European Commission to Microsoft ... not buying it

The European Commission, in the midst of two formal antitrust investigations against Microsoft, is not buying Microsoft's announcement

today that the company has gone hog-wild open. It notes that Microsoft has already promised such things -- four times over. And it says that today's promises (if the company follows through with them) doesn't relieve Microsoft from the consequences of its alleged past failure of complying with earlier antitrust rules.

The EC's statement says:

"This announcement does not relate to the question of whether or not Microsoft has been complying with EU antitrust rules in this area in the past. The Commission would welcome any move towards genuine interoperability. Nonetheless, the Commission notes that today's announcement follows at least four similar statements by Microsoft in the past on the importance of interoperability. In January 2008, the Commission initiated two formal antitrust investigations against Microsoft - one relating to interoperability, one relating to tying of separate software products (see MEMO/08/19). In the course of its ongoing interoperability investigation, the Commission will therefore verify whether Microsoft is complying with EU antitrust rules, whether the principles announced today would end any infringement were they implemented in practice, and whether or not the principles announced today are in fact implemented in practice. Today's announcement by Microsoft does not address the tying allegations."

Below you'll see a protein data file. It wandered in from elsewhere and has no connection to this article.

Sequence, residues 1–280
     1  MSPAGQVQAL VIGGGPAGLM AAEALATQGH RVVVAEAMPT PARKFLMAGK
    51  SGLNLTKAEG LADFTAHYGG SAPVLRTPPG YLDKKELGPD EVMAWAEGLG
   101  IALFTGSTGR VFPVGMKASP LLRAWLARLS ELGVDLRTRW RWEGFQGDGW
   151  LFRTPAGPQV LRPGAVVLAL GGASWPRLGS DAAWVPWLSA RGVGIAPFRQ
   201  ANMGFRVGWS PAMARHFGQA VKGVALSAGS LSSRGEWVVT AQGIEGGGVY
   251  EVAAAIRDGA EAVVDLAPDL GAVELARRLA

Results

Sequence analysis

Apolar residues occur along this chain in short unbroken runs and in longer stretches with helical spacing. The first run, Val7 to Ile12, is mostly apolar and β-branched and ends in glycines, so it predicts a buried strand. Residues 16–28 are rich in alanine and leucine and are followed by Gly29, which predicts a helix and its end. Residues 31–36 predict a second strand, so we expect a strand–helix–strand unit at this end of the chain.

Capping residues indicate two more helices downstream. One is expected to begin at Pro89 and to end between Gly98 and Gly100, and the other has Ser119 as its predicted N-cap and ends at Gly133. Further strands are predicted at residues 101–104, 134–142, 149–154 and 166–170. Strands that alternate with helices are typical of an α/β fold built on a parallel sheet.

Furthermore, the Commission notes that it has been investigating not just Windows and Office, but other products as well and OOXML.

"One of these investigations focuses on the alleged illegal refusal by Microsoft to disclose sufficient interoperability information across a broad range of products, including information related to its Office suite, a number of its server products, and also in relation to the so called .NET Framework and on the question whether Microsoft's new file format Office Open XML, as implemented in Office, is sufficiently interoperable with competitors' products."

The EC's other investigation concerns allegations (made by Opera Software -- like Netscape before it) of undercutting fair competition by linking in other software products, specifically Internet Explorer, to Windows

The EC has made it clear that it is not going to abandon the chase because of a Microsoft-initiated move. That is probably a good thing. Microsoft has given no indication that, of its own accord, it wants to compete fairly. The EC's strong arm is a nice fat motivator. However, if Microsoft actually does open these APIs up as promised, this could have the intended affect of bringing Microsoft, kicking and screaming, into today's open software development movement. Ultimately, that would be good for the enterprise that has a large investment in Microsoft products.

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